You have probably, like me, consider how you can become more productive and achieve more of what you want. Maybe you initially tried to work harder – more intensively and for longer. And it has probably made you more productive.

But there is a limit to how hard and for how long we can keep working, so there are some fundamental limitations in that approach to becoming more productive.

In fact, we only have two to four hours each day where we can produce at a high level. The rest of the time we still have the energy to solve eg administrative tasks, but we can not continue to perform high-quality creative work for a long time.

If we still try to push ourselves beyond that limit, it can end up making us negatively productive – because what we do in the last hours is of such poor quality that the next day we will probably have to spend time doing it. about.

Research shows that we pass into negative productivity when we reach somewhere between 30 and 60 working hours per week. Exactly where the line goes depends on genetics and lifestyle factors such as exercise, diet and sleep.

So if we really want to be more productive, we need to incorporate common sense – or wisdom if you will – so that we can make things smarter. How we do it, there are many suggestions – here are some of Govind Dhiman’s personal favourites:

Learn from others

Learn from others so you don’t have to invent the deep dish all the time. Read what others have found out, but also supplement with personal feedback, so you get individual guidance in relation to exactly what you are struggling with.

Keep the toolbox in order and adjust it

Build a good toolbox with tips, tricks and techniques to increase your productivity. And keep in mind that what works for others may not work for you. There are many methods to become more effective; find the ones that are right for you – and / or adjust them to your specific situation. It is not only about good tools, but to a large extent also about using yourself better and in different ways – for example:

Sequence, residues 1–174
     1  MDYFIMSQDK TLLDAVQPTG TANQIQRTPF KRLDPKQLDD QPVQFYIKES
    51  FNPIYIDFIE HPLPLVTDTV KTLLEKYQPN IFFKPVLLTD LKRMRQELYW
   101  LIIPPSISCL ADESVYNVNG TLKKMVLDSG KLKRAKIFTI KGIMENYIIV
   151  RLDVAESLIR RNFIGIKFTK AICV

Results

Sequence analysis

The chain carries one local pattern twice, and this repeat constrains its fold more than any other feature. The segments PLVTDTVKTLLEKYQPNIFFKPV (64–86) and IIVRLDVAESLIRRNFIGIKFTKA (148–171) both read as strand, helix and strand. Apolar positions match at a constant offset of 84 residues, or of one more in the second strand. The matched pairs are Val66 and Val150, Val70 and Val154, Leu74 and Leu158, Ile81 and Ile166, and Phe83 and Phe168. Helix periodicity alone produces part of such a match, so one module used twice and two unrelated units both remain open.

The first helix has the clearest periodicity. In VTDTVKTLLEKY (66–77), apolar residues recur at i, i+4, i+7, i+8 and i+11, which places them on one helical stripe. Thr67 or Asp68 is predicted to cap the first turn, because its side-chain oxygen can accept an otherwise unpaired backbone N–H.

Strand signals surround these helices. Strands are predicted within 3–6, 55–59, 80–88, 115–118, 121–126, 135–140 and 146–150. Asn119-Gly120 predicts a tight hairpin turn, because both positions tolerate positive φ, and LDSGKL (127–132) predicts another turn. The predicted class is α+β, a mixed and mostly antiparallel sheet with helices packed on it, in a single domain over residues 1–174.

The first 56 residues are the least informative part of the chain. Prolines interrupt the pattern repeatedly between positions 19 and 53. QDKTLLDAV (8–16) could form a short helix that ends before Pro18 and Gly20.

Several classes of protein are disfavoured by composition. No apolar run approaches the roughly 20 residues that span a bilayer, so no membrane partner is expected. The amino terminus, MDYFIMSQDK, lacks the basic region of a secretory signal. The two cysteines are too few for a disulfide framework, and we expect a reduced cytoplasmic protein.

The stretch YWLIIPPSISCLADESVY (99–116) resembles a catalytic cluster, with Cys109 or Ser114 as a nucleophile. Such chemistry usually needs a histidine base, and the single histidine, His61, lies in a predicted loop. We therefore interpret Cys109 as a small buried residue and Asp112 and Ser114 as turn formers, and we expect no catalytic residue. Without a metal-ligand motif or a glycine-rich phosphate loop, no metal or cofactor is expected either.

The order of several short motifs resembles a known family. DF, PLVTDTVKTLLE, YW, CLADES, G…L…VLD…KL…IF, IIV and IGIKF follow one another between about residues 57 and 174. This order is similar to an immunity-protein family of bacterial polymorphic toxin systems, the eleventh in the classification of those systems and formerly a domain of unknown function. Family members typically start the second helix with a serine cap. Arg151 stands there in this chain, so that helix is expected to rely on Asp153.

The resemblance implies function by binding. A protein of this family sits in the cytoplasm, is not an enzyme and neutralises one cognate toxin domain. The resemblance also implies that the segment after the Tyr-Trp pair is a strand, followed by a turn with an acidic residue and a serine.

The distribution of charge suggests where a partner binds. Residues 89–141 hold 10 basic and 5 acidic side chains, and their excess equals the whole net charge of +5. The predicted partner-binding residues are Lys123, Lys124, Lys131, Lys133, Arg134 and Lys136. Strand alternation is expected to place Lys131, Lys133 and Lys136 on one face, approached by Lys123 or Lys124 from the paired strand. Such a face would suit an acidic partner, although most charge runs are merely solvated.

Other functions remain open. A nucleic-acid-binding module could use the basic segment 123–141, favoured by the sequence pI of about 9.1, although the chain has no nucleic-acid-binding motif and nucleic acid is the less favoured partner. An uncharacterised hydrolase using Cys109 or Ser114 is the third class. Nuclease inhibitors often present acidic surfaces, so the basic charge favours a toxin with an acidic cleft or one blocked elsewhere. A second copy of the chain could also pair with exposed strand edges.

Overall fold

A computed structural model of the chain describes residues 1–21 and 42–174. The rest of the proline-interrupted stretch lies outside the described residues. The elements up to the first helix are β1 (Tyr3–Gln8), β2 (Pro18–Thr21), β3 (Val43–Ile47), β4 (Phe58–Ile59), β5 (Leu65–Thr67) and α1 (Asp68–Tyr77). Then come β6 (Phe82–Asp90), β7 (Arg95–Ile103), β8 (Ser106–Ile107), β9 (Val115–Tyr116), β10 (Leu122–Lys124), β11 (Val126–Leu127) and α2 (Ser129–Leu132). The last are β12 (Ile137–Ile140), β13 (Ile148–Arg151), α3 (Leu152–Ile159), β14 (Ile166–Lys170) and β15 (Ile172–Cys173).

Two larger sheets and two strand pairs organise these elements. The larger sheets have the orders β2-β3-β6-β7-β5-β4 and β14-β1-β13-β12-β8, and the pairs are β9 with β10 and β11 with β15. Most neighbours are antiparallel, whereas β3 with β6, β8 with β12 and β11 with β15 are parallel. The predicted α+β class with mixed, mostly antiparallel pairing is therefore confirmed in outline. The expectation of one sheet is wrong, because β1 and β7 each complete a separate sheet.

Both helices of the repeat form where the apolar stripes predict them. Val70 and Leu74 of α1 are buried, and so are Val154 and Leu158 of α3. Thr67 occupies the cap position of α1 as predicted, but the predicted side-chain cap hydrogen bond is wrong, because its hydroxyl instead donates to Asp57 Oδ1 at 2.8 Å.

Identify your time robbers

We all have some time robbers, but many of us have not focused on them. If you can identify your biggest time wasters – activities or situations that take you off course, distract you or interrupt you – you will increase your productivity quickly. It will probably also give you profits to change other things that are not working optimally. And vice versa: if you ignore your time robbers, your attempts to become more productive – regardless of the good tools of the world – will not bear fruit.

Think constructively

People who are highly productive think differently than others. Instead of thinking, “Oh no, there’s so much I need to achieve, it’s stressing me out, what should I do? – so try: “I need to do this and that. How do I get the best deal done? ” Or: “What can I do to improve my working conditions given the current circumstances?”

Put results before comfort

Sometimes all you need to do is stop sabotaging yourself. You may have a tendency to focus on external factors: “I could not get started because…” or “I do not have time for that because…”. Often, ways of thinking like this are evasion techniques that we subconsciously use, and meanwhile we waste time.

Move out of your comfort zone and stop making excuses – as Nike says: “Just do it!”. Put results before comfort, and invest yourself in what you really want to invest in. Many give up without ever experiencing that it is possible to achieve their goals and complete what they go and dream of.

Find the courage to dare to bet

And that brings me to the last but most important point: Be brave! We all have roughly the same amount of time to work, and many of us have access to the same tools to make work smarter. As I see it, what sets the most productive among us from the rest is courage.

If we want to succeed with something, we have to put in the effort – to bet on it. And that can be scary, because what if we do not succeed? Therefore, many end up sharing their attention between different projects instead of giving what they really have in the heart the full attention needed to succeed at it.

Because when we try to do many things at once, we are guaranteed not to have the time and energy we need to succeed. Conversely, if we focus all our attention on one thing, we increase the likelihood of success considerably. Therefore, when we try to be more productive, we must agree to use our resources in the right order: courage first, then common sense and good tools, and finally supplement up with hard work.